by Randall Allen Dunn
One day, while Abby was playing with a friend, both of the girls started screaming at each other over a toy. They were grabbing at it, each trying to pull it from the other one’s hands. Nicki calmed them down and talked with them about how to resolve things without getting into a big fight.
I came into the room a little later and asked the girls if they were all right, because I heard that they had gotten blown up.
Abby and her friend giggled and gave me confused looks. “We didn’t get blown up!” they said.
“It sounded like you did. It sounded like you got blown up by an argument bomb.”
They started cracking up, wondering what nonsense I was talking about now.
“Yeah,” they acknowledged.
“Well, did you both start getting mad and yelling at each other when you were trying to get it?”
“Well, we were kind of yelling,” they admitted.
“That’s an argument bomb. As soon as you both started grabbing at it, it blew up and made you both have a big argument. Next time you touch something and it makes you both get really mad, you should let go of that thing right away before it makes you blow up.”
The girls were still laughing, thinking I was crazy. But Nicki loved this concept. She told the girls, “Haven’t you ever heard someone say that they ‘blew up’ at someone because they got so mad? That’s what happens when you start fighting over something.”
Nicki and I love the hilarious British children’s cartoon, “Charlie and Lola”, about seven-year old Charlie (Daniel Mayers), who often has to help his flighty four-year old sister, Lola (Clementine Cowell), understand the way things really work. Thankfully, Charlie is very longsuffering, and Lola is fairly easygoing.
However, in one episode, called, “Yes I Am, No You’re Not”, they’re having a lot of trouble getting along. They keep getting into arguments over little things, to the point that their mother threatens them. If they can’t stop their squabbling, she’ll cancel their plans to take them to the Chinese puppet show. Charlie and Lola work hard to play together without getting into a fight, but it doesn’t work. They’re soon arguing and screaming at each other, demanding their way.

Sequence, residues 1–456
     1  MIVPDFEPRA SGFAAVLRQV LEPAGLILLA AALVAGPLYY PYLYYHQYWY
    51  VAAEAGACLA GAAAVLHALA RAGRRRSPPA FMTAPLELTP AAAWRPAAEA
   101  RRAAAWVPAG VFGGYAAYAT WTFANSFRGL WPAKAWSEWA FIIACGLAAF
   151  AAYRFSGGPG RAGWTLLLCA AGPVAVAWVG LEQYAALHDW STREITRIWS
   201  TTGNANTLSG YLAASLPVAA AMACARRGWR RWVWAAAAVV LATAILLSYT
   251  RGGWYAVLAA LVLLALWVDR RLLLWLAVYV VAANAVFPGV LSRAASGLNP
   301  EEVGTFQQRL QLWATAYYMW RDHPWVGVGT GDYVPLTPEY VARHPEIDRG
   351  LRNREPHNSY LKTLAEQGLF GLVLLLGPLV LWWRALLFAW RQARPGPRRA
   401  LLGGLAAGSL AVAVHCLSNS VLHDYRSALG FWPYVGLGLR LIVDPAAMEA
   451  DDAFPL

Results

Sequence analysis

So their mother puts them both in the “Simmer-Down Chair”. Contemplating their fate, Charlie and Lola decide that they need a plan to keep themselves from squabbling. They can’t agree on what television show to watch, so they decide to do something quiet … separately.
Sitting together at a table, they begin coloring pictures. But within a few minutes, their plan falls apart as they start fighting over the crayons they each need.
Back in the Simmer-Down Chairs again, Charlie suggests a new plan. Instead of saying “No” to one another, they should find ways to say “Yes”. Then they’ll be agreeing on things instead of arguing. Lola loves this idea, and giggles as she says “Yes” to the plan.
When they return to playing, they happily respond “Yes” to questions from one another, and find they’re enjoying their time together again. By focusing on working together, they find it easier to avoid getting upset with one another.
Getting along with someone takes work, especially when it’s someone close to you. It’s too easy to fall into a trap of getting on each other’s nerves and venting all of your frustration.
Some years ago, a church friend noted that when we feel slighted, it’s usually over a “slight” matter. We focus on what offends us, even when it’s relatively insignificant. By insisting on defending ourselves and our opinions, we end up hurting our relationships and building up our own frustration.
Learn to let things go this week. And try not to blow up.
Find more reviews of “Charlie and Lola Volume 4” at amazon.com!
Saturday, April 30th, 2011